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Physiol Biochem Zool. 2008 Mar-Apr;81(2):138-47. doi: 10.1086/524391.

Minimal seasonal alterations in the skeletal muscle of captive brown bears.

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Department of Veterinary Comparative Anatomy, Pharmacology and Physiology, Washington State University, Pullman, Washington 99164, USA.


Previous studies on wild black bears (Ursus americanus) have shown that skeletal muscle morphology, composition, and overall force-generating capacity do not differ drastically between seasons despite prolonged inactivity during hibernation. However, the amount and characteristics of the seasonal variations were not consistent in these studies. The goals of this study were to compare the amount of muscle atrophy in captive brown bears (Ursus arctos) with that observed in wild black bears and measure seasonal differences in twitch characteristics. Samples from the biceps femoris muscle were collected during the summer and winter. Protein concentration, fiber-type composition, and fiber cross-sectional area were measured along with twitch characteristics. The protein concentration of the winter samples was 8.2% lower than that of the summer samples; fiber cross-sectional area and the relative proportion of fast and slow fibers remained unchanged between seasons. Myosin heavy chain isoforms I, IIa, and IIx were identified by immunoblotting and electrophoresis, and the proportions did not change between seasons. The half-rise time in the twitch contractions increased in winter relative to summer samples, which is unexpected under disuse conditions. These results agreed with a study that showed minimal skeletal muscle atrophy between seasons in wild black bears.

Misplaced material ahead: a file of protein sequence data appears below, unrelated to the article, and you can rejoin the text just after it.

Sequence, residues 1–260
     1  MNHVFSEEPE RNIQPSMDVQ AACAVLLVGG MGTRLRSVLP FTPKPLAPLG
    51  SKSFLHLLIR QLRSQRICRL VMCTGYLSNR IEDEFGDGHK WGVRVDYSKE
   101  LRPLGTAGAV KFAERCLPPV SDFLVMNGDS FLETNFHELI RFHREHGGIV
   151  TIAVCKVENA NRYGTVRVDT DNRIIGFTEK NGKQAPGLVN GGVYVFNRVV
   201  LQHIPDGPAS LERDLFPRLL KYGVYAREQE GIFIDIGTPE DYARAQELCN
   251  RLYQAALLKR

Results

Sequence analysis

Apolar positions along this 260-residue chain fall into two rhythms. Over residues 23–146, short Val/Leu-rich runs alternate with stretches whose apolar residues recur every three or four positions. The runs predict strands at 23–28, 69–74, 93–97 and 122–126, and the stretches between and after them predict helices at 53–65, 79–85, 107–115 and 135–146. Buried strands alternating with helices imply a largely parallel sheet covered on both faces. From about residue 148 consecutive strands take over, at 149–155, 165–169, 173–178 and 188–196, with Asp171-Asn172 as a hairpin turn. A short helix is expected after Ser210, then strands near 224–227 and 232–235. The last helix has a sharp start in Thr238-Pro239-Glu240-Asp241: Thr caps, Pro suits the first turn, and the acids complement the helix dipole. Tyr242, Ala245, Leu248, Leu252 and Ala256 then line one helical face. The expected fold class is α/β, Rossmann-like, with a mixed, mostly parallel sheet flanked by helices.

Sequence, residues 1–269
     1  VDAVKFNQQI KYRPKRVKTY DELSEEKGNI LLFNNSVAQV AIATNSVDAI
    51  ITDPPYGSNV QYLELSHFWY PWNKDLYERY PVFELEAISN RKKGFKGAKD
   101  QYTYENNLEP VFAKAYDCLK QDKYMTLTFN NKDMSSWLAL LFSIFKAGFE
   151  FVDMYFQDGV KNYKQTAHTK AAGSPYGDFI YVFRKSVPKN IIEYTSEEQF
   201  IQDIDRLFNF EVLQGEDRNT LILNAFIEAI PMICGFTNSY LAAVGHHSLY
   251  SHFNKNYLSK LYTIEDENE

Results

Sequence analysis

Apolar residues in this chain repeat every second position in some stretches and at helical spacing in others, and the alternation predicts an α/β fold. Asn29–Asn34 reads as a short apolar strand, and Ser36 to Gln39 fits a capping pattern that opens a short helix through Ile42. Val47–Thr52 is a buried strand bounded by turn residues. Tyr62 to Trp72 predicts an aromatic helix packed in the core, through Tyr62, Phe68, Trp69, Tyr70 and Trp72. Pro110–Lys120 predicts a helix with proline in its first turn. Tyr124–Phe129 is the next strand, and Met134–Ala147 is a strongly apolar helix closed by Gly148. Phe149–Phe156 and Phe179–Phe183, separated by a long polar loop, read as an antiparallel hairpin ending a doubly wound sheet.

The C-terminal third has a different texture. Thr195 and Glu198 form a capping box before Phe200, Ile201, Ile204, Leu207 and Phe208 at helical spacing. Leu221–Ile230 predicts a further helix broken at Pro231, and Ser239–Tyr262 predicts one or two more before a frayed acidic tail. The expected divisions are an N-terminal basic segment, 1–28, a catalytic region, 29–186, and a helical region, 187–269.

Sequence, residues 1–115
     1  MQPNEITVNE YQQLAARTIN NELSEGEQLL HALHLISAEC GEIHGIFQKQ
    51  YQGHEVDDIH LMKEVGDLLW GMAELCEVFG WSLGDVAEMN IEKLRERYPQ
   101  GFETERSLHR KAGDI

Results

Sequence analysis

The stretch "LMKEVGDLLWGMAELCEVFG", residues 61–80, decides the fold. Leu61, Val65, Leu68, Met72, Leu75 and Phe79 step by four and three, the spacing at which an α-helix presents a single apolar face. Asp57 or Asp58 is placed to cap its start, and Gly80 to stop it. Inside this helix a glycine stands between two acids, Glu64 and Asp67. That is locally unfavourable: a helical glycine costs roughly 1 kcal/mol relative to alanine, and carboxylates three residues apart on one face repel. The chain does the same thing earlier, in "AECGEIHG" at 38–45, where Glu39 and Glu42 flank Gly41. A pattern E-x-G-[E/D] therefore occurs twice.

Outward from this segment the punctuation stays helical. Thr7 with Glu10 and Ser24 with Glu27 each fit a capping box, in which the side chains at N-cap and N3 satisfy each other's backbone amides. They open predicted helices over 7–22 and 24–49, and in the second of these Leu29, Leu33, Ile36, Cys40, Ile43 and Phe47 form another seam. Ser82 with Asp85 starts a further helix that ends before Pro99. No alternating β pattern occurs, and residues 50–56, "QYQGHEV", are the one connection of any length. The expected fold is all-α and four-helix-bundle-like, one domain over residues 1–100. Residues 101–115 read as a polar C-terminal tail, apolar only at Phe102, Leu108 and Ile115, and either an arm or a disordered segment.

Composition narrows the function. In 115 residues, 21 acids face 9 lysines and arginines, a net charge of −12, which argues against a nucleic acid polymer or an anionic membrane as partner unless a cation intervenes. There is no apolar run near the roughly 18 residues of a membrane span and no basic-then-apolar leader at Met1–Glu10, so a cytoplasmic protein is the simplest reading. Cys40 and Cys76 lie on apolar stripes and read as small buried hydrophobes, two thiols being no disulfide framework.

[Indexed for MEDLINE]

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